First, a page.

Start your normal pumping session. Then after that first pump, wait 10 minutes and then pump again for 10 more minutes. Repeat this one more time and you will have pumped 3 times in one hour. You can find out more about power pumping here.
When you relactate, you might not be getting a lot of milk, but power pumping is helping to stimulate your nipples.
You’re telling your body you need to make more milk and giving it signals to produce more.
It can be hard to fit power pumping sessions in when you’re pumping to relactate but even just one of these power pumping sessions will help.
Related: How To Find Time To Pump As A Busy Mom
5. Keep Track of Your Progress and Journey
This is such a simple relactation hack, but can be highly effective at motivating you.
Take pictures of how much milk you are able to pump. You can take pictures daily or every other day but the important thing is that you’re able to document your progression.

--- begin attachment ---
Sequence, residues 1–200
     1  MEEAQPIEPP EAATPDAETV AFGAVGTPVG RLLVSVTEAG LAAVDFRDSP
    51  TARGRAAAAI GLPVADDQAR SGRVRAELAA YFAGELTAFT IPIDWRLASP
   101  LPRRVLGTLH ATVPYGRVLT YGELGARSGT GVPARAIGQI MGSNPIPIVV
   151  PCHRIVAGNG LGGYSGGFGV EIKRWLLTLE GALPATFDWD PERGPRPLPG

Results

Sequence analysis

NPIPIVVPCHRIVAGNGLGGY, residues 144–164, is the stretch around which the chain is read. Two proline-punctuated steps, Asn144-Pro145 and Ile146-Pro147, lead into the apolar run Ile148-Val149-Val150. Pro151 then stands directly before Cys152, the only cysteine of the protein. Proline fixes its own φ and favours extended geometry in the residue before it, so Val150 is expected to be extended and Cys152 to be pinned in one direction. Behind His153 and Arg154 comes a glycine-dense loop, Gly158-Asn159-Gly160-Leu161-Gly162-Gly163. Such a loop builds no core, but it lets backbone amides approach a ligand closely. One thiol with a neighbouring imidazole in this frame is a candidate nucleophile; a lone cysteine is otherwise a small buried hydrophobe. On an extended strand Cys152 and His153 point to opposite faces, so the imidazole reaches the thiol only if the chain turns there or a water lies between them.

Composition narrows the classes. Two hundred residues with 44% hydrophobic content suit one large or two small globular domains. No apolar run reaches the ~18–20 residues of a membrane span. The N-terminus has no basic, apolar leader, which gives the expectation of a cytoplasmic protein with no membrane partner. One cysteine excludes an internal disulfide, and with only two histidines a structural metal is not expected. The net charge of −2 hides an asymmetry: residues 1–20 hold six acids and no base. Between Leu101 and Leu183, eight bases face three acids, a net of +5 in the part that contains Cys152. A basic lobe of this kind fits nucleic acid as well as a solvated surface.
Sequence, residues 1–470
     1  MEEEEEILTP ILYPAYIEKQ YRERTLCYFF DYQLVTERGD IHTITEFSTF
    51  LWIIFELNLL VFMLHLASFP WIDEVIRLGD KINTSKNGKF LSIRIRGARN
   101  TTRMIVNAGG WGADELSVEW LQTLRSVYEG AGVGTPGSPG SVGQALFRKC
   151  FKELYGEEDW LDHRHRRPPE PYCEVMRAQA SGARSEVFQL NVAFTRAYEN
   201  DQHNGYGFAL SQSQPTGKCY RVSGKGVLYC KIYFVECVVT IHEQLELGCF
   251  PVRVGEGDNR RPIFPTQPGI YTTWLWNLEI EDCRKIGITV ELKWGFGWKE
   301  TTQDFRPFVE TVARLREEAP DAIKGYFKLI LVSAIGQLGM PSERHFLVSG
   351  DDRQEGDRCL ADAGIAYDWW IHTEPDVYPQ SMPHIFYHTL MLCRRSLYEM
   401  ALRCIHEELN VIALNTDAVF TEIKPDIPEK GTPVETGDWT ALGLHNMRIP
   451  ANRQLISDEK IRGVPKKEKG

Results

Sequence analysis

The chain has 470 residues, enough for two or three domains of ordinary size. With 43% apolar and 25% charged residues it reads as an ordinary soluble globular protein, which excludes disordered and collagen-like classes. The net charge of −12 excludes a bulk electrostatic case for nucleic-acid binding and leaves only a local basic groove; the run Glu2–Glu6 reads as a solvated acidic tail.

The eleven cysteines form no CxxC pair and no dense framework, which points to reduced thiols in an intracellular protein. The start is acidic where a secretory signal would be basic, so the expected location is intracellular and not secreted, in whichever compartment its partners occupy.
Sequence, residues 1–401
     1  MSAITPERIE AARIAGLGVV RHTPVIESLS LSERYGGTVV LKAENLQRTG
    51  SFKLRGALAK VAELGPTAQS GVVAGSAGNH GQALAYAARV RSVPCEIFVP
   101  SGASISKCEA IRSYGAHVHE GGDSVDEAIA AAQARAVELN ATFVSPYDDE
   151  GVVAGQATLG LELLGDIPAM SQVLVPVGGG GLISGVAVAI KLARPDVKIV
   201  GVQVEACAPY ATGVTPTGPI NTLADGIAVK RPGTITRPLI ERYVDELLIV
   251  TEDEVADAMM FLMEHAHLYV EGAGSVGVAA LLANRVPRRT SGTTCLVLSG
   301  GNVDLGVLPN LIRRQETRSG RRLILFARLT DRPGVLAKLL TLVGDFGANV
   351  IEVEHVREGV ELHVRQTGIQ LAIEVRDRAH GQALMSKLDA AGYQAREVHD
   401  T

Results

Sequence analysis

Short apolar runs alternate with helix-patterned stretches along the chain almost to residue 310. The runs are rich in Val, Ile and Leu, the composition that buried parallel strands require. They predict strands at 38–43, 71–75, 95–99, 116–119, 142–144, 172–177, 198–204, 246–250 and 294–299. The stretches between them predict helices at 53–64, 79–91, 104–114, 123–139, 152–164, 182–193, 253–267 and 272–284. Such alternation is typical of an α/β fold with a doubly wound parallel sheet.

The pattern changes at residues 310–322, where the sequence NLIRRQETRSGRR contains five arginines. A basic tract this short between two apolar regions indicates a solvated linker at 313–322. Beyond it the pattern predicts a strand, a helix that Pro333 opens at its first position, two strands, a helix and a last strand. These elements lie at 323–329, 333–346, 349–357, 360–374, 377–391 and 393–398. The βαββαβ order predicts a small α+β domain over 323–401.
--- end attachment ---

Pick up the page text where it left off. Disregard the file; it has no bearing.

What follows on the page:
Another thing I did was keep a hard copy of a monthly calendar. Simply being able to mark off another day that I was able to pump gave me satisfaction. It’s also a reminder to take this journey one day at a time.
6. Get Reminders to Pump
I used an app called Pump Log to log my pumping sessions and one amazing feature is that it will send you a notification to pump.
You need to pump quite frequently to establish a milk supply, every 2-3 hours.
Don’t think you’ll be able to rely on your memory alone to get all your pumping sessions in. You’ll get busy and the time will fly and you don’t want too much time to pass between pumping sessions.
7. Use Supplements at Your Discretion
You’ll hear a lot of talk about galactagogues surrounding the topic of breastfeeding.